During the Salt Satyagraha, a young Durgabai took over as leader of the movement in Madras after freedom fighter T. Prakasam was arrested. She was arrested and sentenced to prison for nearly three years from 1930-1933, including a year of solitary confinement. In her autobiography, “Chintaman and I,” Durgabai recalled her years in imprisonment as an eye-opener to the circumstances of several women inmates who due to illiteracy had admitted to crimes they had not even committed. It strengthened her resolve, on one hand to become a lawyer who could provide pro bono legal aid, and on the other, empowering women with education.
After her release from Madurai jail, Durgabai left politics and applied herself towards continuing her education. In December 1942, she was called to join the Bar at the Madras High Court. Simultaneously having observed that many destitute, deserted or widowed women were in need of skill and education, she started a condensed course for adult women who had discontinued school. They received intensive coaching to help them finish secondary school. Out of such activities, she pioneered the Andhra Mahila Sabha in 1937, which blossomed into a pivotal institution of education and social welfare.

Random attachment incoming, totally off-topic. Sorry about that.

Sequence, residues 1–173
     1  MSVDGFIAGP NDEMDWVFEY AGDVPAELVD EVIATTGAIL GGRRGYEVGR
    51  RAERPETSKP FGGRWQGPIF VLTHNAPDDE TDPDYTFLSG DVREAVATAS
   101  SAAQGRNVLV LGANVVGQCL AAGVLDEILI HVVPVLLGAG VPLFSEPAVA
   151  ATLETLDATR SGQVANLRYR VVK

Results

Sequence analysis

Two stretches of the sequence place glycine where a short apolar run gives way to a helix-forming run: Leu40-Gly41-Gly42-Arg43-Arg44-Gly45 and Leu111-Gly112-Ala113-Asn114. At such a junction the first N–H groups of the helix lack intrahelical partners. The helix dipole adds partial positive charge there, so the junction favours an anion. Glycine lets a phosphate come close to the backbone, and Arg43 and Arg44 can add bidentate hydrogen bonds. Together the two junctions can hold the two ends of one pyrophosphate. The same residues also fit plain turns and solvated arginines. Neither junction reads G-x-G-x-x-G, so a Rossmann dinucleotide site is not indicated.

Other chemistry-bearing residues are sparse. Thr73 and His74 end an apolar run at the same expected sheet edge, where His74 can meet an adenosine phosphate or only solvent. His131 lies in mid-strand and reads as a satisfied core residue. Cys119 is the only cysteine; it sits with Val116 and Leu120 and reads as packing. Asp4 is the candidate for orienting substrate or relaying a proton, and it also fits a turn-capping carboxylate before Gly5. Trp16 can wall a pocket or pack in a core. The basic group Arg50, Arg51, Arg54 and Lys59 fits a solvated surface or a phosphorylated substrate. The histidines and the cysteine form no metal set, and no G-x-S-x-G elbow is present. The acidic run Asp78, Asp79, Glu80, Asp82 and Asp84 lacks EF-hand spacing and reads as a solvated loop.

Just when her legal career at the Madras High Court was taking off, Durgabai was elected to the Constituent Assembly as a Congress candidate in 1946. She was a member of the Steering Committee and took an active interest in the Constituent Assembly debates. With her legal background, Durgabai weighed in on judicial issues. She also led the amendment to the draft constitution in lowering the age from 35 to 30 for holding a seat in the council of states. In “Chintaman and I,” she mentions being particularly gratified for being associated with the debate on the Hindu Code bill.